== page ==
Sounds good, but caveats and time restrictions make it impractical, if not impossible, to call them on it. At Lodging.com, customers are greeted with the headline "Stop Searching& 110% Price Guarantee" and an example of how the guarantee works: Say you book a hotel for $100 through them, then find it elsewhere for $90. (They don't explain how you'd find the other rate if you were to stop searching, as they suggest.) After you prove the second offer is legit, they give you the price difference ($10), plus 10 percent off the difference (a whopping $1), and the room winds up costing $89. Guarantees are only worth something if customers follow up on them. Most people don't, and even if they do, it's an arduous and not all that rewarding process.
Compare apples to apples
Some sites include extra fees up front, while others, such as Expedia, are sneaky and bundle up a vague compilation of taxes and service charges at the last minute. Booking policies can also be different--one site may penalize you $10 for canceling a hotel reservation, while at another there's no charge.
Not only will you almost always pay less, chances are you'll get better treatment if you skip the third-party booking engines and make reservations directly. After our magazine mentioned a hotel executive who admitted that her company routinely gives the worst rooms in the house to customers who book through third-party sites, we received dozens of letters from readers saying that they'd been treated poorly at hotels for that very reason. "This is one family that will never use Travelocity again," a typical message read. Always remember that you're not done shopping around until you inquire directly at the source.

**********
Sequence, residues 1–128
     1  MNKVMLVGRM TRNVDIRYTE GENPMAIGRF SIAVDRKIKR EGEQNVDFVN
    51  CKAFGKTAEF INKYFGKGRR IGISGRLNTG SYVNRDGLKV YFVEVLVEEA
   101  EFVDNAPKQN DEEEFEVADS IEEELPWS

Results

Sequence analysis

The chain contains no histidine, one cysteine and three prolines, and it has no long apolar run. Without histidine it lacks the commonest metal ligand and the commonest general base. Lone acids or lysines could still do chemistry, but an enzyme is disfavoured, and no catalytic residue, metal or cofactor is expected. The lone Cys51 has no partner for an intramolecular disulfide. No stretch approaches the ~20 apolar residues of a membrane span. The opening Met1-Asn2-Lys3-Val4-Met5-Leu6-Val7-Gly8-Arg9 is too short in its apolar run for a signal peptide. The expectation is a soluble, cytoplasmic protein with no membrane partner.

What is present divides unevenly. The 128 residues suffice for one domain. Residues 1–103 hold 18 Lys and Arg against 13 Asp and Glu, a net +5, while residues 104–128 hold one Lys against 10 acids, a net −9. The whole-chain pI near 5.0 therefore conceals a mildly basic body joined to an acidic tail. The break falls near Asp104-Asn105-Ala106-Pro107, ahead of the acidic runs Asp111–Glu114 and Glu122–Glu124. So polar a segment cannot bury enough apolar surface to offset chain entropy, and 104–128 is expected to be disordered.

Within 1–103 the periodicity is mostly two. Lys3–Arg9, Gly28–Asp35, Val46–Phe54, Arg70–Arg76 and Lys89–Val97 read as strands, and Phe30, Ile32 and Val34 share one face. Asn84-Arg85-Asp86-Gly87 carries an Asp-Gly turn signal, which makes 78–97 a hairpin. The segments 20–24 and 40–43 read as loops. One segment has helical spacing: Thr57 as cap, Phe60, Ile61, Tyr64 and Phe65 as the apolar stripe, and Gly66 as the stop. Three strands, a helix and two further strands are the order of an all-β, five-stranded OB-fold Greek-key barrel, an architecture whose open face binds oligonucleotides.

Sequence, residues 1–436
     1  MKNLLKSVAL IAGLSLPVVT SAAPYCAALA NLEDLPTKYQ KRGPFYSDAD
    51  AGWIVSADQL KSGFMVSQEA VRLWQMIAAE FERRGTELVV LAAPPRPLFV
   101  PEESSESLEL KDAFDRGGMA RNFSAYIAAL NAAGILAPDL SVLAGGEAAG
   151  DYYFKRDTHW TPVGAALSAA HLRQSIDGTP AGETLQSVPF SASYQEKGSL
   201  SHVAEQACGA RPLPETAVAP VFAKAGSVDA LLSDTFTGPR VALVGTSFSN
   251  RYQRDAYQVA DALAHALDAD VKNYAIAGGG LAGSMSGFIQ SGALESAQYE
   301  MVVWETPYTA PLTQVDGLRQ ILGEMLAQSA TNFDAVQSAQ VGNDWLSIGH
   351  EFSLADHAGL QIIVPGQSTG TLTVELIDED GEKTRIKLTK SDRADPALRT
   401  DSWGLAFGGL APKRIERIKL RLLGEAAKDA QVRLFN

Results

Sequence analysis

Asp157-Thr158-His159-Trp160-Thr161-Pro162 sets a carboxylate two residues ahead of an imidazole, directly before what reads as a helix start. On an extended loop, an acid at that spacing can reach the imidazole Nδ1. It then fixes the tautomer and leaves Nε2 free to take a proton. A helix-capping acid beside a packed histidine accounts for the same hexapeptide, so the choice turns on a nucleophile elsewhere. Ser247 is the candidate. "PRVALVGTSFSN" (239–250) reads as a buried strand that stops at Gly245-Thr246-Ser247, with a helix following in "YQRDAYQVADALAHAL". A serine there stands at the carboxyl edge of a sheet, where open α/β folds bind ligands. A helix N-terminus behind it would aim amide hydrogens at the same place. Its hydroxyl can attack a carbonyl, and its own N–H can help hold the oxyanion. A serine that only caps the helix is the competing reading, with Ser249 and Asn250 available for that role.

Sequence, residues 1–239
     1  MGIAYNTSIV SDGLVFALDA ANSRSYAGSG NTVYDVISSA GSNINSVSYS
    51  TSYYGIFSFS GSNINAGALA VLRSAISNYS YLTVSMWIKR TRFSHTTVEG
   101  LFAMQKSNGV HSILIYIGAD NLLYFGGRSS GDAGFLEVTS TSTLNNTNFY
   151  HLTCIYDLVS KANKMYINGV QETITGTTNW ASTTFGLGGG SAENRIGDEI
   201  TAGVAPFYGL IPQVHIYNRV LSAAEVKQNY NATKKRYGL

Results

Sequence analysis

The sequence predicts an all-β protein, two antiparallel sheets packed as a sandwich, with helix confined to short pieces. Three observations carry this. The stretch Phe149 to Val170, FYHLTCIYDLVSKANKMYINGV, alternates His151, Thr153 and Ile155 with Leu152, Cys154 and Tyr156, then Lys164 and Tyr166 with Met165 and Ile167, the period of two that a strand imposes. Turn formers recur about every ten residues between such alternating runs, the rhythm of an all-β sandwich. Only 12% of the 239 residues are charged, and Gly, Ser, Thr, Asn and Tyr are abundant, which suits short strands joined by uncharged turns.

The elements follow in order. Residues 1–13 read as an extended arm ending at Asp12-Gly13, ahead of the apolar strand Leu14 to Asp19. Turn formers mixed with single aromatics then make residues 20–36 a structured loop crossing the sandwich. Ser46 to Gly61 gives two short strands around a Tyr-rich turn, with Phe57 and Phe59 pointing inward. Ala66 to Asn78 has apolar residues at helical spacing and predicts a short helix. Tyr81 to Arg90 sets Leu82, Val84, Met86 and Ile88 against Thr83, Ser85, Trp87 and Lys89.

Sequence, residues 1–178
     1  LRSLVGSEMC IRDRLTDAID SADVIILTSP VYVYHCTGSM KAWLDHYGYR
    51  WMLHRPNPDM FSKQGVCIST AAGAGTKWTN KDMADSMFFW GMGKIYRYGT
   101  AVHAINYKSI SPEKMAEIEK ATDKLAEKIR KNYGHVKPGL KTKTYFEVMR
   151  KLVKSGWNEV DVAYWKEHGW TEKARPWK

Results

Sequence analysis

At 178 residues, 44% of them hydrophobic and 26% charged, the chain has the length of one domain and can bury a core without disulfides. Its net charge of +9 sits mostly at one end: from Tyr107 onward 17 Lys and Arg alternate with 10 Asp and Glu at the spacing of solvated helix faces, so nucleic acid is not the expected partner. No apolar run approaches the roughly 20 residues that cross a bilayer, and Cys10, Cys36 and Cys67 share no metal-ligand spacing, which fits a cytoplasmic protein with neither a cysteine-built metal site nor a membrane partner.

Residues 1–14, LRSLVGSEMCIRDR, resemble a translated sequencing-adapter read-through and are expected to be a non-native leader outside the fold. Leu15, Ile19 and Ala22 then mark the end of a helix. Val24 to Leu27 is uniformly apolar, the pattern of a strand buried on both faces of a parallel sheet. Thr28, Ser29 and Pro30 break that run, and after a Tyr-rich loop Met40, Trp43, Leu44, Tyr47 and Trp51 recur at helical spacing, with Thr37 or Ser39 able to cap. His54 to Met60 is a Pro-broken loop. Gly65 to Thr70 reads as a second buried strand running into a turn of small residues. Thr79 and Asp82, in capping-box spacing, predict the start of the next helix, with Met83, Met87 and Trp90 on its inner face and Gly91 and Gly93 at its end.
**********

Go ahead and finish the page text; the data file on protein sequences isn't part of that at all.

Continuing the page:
Consider opaque sites
They're nothing new, but sites such as Priceline and Hotwire--you don't find out which hotel, airline, or car-rental company you're working with until your bid has been accepted and your credit card charged--remain good money savers.
If you're looking in particular for a decent room for cheap in a big city, Priceline is a fine source. Check out Biddingfortravel.com, a kind of user's guide to Priceline, for help, but be aware that you may not be treated as well at the hotel as someone who's booked direct (see above).
Clean your cookies
Travel sites are engineered to get the most money out of users, sometimes by trickery. Kelly Malasics, of Bridgeport, Conn., wrote to us about her experience locating a great online fare to Las Vegas, only to have it disappear later in the day. "I deleted the cookies for the site and tried again," she said. "Voilà! I found the flight I wanted at the price I wanted."
Pick up a phone
The old standard still works. Consolidator airline tickets, charter flights, and other unconventional resources that a good travel agent would know about can rarely be booked online. A hotel manager will be more willing to negotiate rates with a human voice than with a message on a computer screen. And it's often easier to talk through your options with a car-rental agent than scroll through them in the fine print online.